Of all the clothiers in Saranac Lake during its boom period (at least ten, including two furriers and a millinery), T.F. Finnigan is the only one still in business. Also, along with Madden’s Transfer and Storage, it is one of the very few businesses in the community that has been a family affair for three generations. Tom Finnigan, Jr., began working for his father doing odd jobs at age 14. Now he is distinguished as "Old Tom" because on any given day one might find either him, or his son, Tom the younger, in charge of the store that has become an emblem of stability in the shifting scene of Main Street.
The Roberts Block is probably the most looked at and pointed at building in the District. It is the only building in the District faced with stone; the facade is basically unaltered; and the ground floor interior is as it was in 1923.
The facade is of randomly coursed, rock-faced, limestone ashlar, except for the corners of the ground floor where smooth cut ashlar are interbanded with the rockface.
The single, ground floor storefront has a deep, trapezoidal entry with a vaulted ceiling whose cross-section is a basket arch. The full-sized display windows have bronze stiles. Above them are panels of Luxor prisms, the last unpainted ones in the District. Against the bronze awning frame rests a black sign with gold letters reading “T. F. Finnigan”. A simple, residential entryway stands to the right of the storefront. Set into the center of the second and third stories of this three-story stone and brick building are two recessed balconies under segmental arches. The upper balcony is actually both recessed and "normal". The normal, overhanging portion is a little more than a third as deep as the recessed portion and is supported by three brackets and guarded with a simple, slat-work and square-post railing. The arches and their supporting walls are wood-trimmed with recessed panels.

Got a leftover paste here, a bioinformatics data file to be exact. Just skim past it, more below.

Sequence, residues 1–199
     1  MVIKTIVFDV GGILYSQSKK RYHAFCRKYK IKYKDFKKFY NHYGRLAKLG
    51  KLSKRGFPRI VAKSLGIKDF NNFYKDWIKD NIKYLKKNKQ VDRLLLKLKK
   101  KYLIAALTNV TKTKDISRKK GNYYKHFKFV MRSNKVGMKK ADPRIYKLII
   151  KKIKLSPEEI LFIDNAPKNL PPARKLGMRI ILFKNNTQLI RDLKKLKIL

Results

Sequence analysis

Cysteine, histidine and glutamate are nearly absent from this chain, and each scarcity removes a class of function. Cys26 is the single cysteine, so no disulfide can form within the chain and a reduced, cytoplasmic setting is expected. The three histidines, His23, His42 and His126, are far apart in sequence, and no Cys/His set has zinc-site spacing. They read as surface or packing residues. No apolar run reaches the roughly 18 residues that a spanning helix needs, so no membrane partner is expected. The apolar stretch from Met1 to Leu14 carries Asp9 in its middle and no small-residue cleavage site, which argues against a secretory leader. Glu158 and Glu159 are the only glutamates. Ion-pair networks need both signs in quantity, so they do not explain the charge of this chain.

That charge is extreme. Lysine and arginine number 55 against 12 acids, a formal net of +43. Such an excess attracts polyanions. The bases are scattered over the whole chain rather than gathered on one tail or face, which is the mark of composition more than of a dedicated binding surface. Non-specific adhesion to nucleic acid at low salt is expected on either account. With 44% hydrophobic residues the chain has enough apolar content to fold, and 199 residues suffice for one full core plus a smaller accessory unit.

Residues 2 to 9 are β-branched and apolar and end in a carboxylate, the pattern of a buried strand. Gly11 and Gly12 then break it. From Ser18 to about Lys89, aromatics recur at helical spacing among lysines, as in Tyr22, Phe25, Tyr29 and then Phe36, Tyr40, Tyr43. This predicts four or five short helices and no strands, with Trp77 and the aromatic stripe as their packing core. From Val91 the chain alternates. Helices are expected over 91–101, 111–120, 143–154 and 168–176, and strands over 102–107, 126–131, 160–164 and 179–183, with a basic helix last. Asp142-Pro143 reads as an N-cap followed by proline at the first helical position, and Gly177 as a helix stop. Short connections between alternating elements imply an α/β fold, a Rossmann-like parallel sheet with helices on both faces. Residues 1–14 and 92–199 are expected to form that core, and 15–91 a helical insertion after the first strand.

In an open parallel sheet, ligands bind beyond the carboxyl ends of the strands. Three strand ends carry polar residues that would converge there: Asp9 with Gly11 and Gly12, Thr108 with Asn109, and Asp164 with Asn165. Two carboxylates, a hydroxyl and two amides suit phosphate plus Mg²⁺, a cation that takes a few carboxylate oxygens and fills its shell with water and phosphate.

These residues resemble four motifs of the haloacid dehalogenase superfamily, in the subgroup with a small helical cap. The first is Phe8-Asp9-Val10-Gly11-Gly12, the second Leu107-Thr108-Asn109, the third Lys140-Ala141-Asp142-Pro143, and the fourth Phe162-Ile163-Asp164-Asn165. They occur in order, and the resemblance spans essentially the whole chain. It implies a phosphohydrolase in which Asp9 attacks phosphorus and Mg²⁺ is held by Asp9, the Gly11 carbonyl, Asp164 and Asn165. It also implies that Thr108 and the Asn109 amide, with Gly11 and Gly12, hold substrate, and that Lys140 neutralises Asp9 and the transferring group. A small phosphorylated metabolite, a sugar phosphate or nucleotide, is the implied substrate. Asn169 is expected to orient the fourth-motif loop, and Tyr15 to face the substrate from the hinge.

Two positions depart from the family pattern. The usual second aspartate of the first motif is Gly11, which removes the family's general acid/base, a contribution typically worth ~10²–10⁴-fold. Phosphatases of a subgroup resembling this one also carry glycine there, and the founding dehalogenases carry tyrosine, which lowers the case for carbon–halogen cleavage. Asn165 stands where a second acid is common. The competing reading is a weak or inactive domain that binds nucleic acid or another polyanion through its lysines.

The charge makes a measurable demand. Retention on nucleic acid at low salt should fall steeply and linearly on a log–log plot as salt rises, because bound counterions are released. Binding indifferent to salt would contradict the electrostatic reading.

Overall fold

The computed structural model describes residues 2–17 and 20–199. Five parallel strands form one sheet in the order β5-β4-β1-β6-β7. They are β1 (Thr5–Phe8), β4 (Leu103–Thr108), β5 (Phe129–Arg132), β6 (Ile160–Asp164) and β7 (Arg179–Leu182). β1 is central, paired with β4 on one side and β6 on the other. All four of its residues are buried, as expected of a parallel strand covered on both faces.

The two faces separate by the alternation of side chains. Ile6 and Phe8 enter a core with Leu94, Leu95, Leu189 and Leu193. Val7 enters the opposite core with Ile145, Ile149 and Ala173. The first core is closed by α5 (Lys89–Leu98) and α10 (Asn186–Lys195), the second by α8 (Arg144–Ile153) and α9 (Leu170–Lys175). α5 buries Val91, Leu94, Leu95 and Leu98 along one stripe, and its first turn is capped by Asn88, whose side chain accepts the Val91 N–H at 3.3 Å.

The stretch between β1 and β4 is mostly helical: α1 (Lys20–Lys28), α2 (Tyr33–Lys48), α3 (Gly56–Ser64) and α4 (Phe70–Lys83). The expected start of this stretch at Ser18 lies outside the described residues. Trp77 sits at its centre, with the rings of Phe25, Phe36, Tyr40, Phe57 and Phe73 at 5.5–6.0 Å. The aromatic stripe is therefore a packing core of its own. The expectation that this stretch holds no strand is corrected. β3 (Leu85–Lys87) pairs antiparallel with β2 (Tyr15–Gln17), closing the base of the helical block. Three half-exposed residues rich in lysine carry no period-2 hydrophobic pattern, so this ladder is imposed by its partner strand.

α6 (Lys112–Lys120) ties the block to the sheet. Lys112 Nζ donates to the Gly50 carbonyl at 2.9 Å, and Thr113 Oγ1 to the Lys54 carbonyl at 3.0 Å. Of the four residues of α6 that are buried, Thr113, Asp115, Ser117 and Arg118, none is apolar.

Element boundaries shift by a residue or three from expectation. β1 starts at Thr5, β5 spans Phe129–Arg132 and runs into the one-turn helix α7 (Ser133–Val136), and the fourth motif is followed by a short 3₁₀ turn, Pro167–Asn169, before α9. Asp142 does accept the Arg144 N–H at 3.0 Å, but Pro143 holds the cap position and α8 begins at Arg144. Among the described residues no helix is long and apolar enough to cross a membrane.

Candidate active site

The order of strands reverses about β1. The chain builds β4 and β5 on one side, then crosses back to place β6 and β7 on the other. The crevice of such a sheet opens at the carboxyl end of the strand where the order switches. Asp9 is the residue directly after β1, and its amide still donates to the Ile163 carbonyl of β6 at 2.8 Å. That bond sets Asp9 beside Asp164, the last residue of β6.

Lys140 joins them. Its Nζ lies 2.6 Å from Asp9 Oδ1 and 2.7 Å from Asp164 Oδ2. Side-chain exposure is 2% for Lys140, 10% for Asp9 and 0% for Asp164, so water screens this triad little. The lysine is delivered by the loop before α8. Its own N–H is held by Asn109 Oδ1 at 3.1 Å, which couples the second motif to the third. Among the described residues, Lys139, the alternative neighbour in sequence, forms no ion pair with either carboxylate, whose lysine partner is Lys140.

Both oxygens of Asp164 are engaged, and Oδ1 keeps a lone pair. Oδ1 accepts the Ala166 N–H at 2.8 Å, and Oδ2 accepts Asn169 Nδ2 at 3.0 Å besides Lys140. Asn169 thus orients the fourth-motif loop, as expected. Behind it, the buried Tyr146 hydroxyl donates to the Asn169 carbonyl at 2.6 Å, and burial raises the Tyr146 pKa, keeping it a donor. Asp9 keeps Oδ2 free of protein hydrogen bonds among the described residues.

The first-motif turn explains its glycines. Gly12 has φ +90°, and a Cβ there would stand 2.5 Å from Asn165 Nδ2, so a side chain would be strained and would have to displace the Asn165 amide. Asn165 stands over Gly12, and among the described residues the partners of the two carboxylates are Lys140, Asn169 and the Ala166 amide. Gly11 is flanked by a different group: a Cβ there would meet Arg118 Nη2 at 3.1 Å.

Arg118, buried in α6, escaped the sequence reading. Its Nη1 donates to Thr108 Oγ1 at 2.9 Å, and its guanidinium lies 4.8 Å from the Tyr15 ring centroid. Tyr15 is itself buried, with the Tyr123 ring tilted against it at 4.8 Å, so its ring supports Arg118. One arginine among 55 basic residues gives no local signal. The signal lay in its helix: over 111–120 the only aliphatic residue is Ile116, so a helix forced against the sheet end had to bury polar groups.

Topping this strong and distinctive facade is the finest entablature in the District. It is based on the Serlian motif. Four brackets ornately embossed with a foliage pattern and three sets of five embossed dentils support a cornice in three parts. The outermost brackets are the more robust. The narrower, inner brackets are aligned above the skewbacks of the balcony arches. The central section of the cornice is raised upon squat posts above the inner brackets to bring it to a level higher than that of the flanking sections. Finally, it is crowned with an arched pediment that reflects the arches of the balconies below. In its lunette is displayed the date "1900". Finishing touches are achieved with both recessed and pronounced panels.
This entire feature is made of galvanized metal, and old photos show that it was not painted until at least 1907. For many years it has been painted a pale, limestone grey and dark green, as has all of the building's woodwork.
Inside, the store's drawers, cases, shelves, racks, and recesses are all built of quarter-sawn cherry while the walls of the display windows are paneled with solid mahogany.
Original text by Philip L. Gallos, 1983
Adirondack Daily Enterprise, August 17, 2018
Classic menswear shop sold
After three generations, T.F. Finnigan's is bought by brothers who plan to 'continue the tradition.'
Tom Finnigan, grandson of the founder, sold T.F. Finnigan's to Jimmy and Johnny Williams on August 16, 2018. The brothers are also owners of the bar and restaurant Bitters & Bones. See the Enterprise for the full story.